There’s an art to perfectly popping a bottle of champagne.
There’s no spillage, no fly away corks and the pop is subtle.
Of course it takes many of us some time to learn how to perfectly open a bottle of sparkling wine.
I used to be many of the uncultured wasters of the beverage, by shaking the bottle with in an inch of its life and then making sure that the cork flies away and there’s champagne spilled everywhere.
Luckily, thanks to some exposure to classy people, I soon learned the error of my ways and developed an appreciation for correctly opening a bottle of champagne – which is to tilt it at 45º, and slowly easing the cork out until it feels loose and there’s a pop and some vapour.
Of course there’s no "correct" way of popping champagne. Like with all things food and beverages, it is each to their own. Rules are not only boring, but they are made to be broken.
Plus, why should we police how people open a bottle of champagne in the first place?
So ahead of Champagne Day, which is celebrated every year on the third Friday of October, here are the many ways you can open a bottle of bubbly, which we found on Quora.
Popping It Well
Certified Wine Specialist, Christopher Chandler has tips on how to perfectly pop a bottle:
"Thumb on top at all times. The twist on the cage should take 6 half turns. Leave the cage on the cork! It doesn’t need to come off to be opened, and you will take your thumb off to do so. Aim away from everyone. This includes your chin. Some people hold their face/head over the barrel of a loaded gun. I don’t, but some people do… You get my point. Turn the bottle & cork in opposite directions. This loosens the cork. Hopefully, the pressure will pop the cork on its own. If not, now you may pull slightly on the cork. I like to do this with one hand underneath (the punt), and the other hand still on top with the cork."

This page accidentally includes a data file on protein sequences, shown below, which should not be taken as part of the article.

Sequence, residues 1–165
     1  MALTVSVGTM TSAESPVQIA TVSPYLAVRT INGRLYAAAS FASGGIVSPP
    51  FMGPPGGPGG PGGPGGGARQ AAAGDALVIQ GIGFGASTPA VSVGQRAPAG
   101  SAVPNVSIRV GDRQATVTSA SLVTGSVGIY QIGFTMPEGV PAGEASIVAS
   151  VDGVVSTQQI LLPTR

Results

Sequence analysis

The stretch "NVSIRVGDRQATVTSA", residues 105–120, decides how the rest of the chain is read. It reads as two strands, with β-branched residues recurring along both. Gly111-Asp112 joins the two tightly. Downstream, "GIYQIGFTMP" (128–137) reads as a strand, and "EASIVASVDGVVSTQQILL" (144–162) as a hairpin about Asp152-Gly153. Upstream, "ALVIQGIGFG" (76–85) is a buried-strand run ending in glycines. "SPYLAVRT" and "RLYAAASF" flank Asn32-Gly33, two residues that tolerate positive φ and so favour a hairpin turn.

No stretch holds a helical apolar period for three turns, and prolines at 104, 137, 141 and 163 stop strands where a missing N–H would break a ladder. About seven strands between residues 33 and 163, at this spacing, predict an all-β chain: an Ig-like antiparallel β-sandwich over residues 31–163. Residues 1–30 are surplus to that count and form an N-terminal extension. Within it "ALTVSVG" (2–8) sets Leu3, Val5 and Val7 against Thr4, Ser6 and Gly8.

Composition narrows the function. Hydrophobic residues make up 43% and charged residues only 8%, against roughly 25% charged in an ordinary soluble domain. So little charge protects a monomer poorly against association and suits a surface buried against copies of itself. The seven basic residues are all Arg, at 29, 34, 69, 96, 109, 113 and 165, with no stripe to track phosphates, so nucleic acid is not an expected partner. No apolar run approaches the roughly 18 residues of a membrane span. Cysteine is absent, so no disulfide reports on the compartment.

Making the cork fly
Champagne fan, Gil Silberman dropped some knowledge on Quora on how to make the cork fly:
Rap the bottle bottom auspiciously 5–10 times against a solid surface like a table. This sends a physical shock throughout the whole liquid, building fear, anticipation, and gas pressure in the room, more dramatic and effective than shaking.
Remove the wire and foil wrapper. Be careful to hold the cork in place with the towel and not point it at anyone’s face, you don’t want a misfire.
Next the hard part. If the cork is tight, loosen it very slightly by gripping it with the towel. Once it’s a little looser, make a hollow circle between your thumb and index finger and cup it tightly around the cork, twisting back and forth slowly to loosen. I’d practice with about ten bottles. Eventually you can feel when it’s ready to fly.
Finally, gently, ease the cork out using the hole between your curled thumb and index finger as a guide and a mini gun barrel, so when it shoots out it flies straight without any resistance.
How to Sabrage
It’s the flashiest way of popping a bottle and takes a lot of practice.
So as you plan to celebrate Global Champagne Day on Friday, learn how to pop the cork perfectly.